GOP pushes back on net neutrality bill at testy hearing

GOP pushes back on net neutrality bill at testy hearing
© Greg Nash

GOP lawmakers pushed back on Democrats' proposed net neutrality bill at a testy hearing on Tuesday, calling the legislation "extreme" and overly partisan, while saying it would be dead on arrival in the Senate. 

Rep. Bob Latta (R-Ohio), ranking member of the House Energy and Commerce technology subcommittee, called the bill a "non-starter," pointing out that it opens up the broadband industry to regulations that Republicans have long opposed. 

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"Instead of engaging with us to try to solve the problem, my colleagues have retrenched back to the most extreme position in this debate," Latta said. "[The bill] has no chance of even passing the Senate or being signed into law." 

The Save the Internet Act, introduced by Democrats last week, would restore Obama-era regulations on the broadband industry.

The bill would codify the Federal Communications Commission’s (FCC) 2015 Open Internet Order into law, reigniting a debate between Republicans and Democrats over whether the FCC should have the legal authority to enforce net neutrality rules. 

Under the Democrats' bill, the broadband industry would be classified as a telecommunications service under Title II of the Communications Act — a designation which opens up the industry to more stringent regulations enforced by the FCC. 

The "Title II" designation has long been a sticking point for Republicans. 

Republicans at the hearing repeatedly promoted a trio of bills recently introduced by Latta, Rep. Greg WaldenGregory (Greg) Paul WaldenEx-Sen. Cory Gardner joins lobbying firm Ex-Rep. John Shimkus joins lobbying firm Lobbying world MORE (R-Ore.) and Rep. Cathy McMorris RodgersCathy McMorris RodgersHouse committee approves slate of bills to improve telecom security Equilibrium/ Sustainability — Presented by NextEra Energy — West Coast wildfires drive East Coast air quality alerts House passes bill requiring EPA to regulate 'forever chemicals' in drinking water MORE (R-Wash.), which would reimpose some net neutrality rules without using "Title II."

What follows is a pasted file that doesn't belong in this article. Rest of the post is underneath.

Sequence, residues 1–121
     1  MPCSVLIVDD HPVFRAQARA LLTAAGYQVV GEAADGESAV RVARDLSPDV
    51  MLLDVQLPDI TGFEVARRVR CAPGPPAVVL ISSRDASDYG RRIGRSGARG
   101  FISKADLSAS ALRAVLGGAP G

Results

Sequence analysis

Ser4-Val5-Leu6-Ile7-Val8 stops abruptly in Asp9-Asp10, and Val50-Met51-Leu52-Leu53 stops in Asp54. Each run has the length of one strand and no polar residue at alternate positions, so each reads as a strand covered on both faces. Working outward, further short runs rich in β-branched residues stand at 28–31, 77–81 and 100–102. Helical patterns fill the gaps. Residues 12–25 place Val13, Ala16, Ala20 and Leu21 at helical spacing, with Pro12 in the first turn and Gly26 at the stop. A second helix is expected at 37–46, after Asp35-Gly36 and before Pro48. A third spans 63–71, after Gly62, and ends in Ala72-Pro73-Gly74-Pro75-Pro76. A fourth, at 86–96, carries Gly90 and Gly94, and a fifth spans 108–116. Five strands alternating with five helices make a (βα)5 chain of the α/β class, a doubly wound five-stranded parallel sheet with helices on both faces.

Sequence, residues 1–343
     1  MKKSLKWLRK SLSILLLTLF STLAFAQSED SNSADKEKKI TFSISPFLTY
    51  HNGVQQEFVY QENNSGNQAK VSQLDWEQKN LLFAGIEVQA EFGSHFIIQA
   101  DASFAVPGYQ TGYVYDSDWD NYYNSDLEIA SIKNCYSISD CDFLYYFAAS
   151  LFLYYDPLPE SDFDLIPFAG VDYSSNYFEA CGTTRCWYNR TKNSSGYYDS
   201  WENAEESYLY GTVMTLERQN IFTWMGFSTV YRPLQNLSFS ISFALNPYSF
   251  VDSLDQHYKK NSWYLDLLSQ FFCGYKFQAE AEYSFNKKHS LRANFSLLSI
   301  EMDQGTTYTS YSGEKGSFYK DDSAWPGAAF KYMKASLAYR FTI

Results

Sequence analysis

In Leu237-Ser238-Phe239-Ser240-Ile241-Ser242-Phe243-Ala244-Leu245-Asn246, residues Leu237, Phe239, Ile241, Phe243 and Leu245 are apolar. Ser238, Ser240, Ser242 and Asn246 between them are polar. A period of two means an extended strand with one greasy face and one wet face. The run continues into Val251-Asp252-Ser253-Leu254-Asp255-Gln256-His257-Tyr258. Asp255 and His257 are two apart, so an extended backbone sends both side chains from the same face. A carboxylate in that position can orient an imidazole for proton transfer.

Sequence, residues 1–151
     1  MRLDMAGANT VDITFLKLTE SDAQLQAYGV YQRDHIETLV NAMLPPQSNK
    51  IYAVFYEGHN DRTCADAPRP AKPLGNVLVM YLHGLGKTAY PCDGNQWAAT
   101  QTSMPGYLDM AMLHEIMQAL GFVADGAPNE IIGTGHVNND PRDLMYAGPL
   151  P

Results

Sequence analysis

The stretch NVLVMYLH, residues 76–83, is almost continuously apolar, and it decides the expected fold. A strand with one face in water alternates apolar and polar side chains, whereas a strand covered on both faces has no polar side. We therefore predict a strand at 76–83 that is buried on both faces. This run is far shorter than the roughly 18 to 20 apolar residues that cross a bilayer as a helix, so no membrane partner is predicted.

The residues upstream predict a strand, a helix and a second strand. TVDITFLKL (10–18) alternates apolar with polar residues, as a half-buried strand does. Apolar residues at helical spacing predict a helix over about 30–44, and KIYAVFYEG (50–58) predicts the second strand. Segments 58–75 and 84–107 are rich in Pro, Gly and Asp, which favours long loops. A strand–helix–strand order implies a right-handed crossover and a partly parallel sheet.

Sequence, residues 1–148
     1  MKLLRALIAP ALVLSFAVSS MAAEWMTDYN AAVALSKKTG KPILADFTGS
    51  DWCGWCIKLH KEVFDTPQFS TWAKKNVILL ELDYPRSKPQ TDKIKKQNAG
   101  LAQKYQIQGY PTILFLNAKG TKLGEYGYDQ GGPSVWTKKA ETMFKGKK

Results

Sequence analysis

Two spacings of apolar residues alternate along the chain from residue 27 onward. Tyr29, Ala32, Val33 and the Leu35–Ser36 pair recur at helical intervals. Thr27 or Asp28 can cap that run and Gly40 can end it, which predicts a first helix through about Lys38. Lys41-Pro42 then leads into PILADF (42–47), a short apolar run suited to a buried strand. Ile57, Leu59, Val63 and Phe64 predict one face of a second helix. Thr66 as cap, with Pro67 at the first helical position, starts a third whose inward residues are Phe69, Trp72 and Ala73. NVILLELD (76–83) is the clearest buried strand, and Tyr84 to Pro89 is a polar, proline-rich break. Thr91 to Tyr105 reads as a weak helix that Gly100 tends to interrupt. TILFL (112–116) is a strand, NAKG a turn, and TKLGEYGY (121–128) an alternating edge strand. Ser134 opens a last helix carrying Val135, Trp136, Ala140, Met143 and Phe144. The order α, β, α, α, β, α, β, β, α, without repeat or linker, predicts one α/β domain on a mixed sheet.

McMorris Rodgers called the bills "reasonable," while witnesses and some Democratic lawmakers criticized them as weak on internet service providers. 

The hearing was marked by sharp digs on both sides, with Democrats flexing their powers in the majority while some Republicans directed their criticism toward witnesses appearing before the panel. 

At one point, Rep. Billy LongWilliam (Billy) H. LongHouse committee approves slate of bills to improve telecom security Here's what Congress is reading at the beach this summer Trump unhappy with Guilfoyle backing Greitens: report MORE (R-Mo.) pressed Matt Wood, the vice president of policy and general counsel with consumer advocacy group Free Press, over his organization's tactics on Twitter.

Long asked Wood, a longtime advocate for net neutrality rules, to reveal "how many fundraising emails" his organizations sent out and how much money it raised through those emails. 

The Missouri Republican went on to accuse Free Press and other consumer groups of "attacking" him on Twitter over his support for "bipartisan legislation" on net neutrality. 

"Quit attacking people on Twitter when we are trying to do things in a bipartisan fashion," Long said. 

Fight for the Future, another group that supports strong net neutrality rules, shortly after tweeted, "Aw, thanks for the shout out." 

A coalition of consumer groups has started to intensify pressure on lawmakers to support the net neutrality bill, in particular focusing on the only Democrat who did not support the companion legislation in the Senate — Sen. Kyrsten Sinema (D-Ariz.). 

Rep. Mike DoyleMichael (Mike) F. DoyleHouse committee approves slate of bills to improve telecom security Congress needs to fix the broken market for antibiotic development Congressional CEO grillings can't solve disinformation: We need a public interest regulator MORE (Pa.), the top Democrat on the House Energy and Commerce technology panel, maintained that Democrats are interested in working with Republicans on the bill.

He slammed the Republicans for failing to "inform" their Democratic colleagues about the bills in advance.

"After being in the majority for so long, it might be difficult for some of my colleagues to recognize that they’re not anymore," Doyle said. "A better approach would be to sit down and get in touch with us before you drop bills." 

Rep. Darren SotoDarren Michael SotoBiden signs bill to designate the National Pulse Memorial in Orlando Puerto Rico's former governor stages a comeback Pulse nightclub to become a national memorial 5 years after deadly mass shooting MORE (D-Fla.) called the bill an "opening offer," indicating that he and other Democrats are open to "amendments" from Republicans on the committee. 

"We’ll have a markup so this bill’s not just messaging," Soto said, adding it is "not true" to say that there is no chance the bill will pass.

Lawmakers on both sides of the aisle expressed interest in net neutrality rules that would prevent internet service providers from blocking, slowing down or speeding up any content. But the parties remain deeply divided over how to prevent that form of web discrimination.

Doyle told reporters after the hearing he anticipates a subcommittee markup before the end of the month. 

Updated at 4:32 p.m.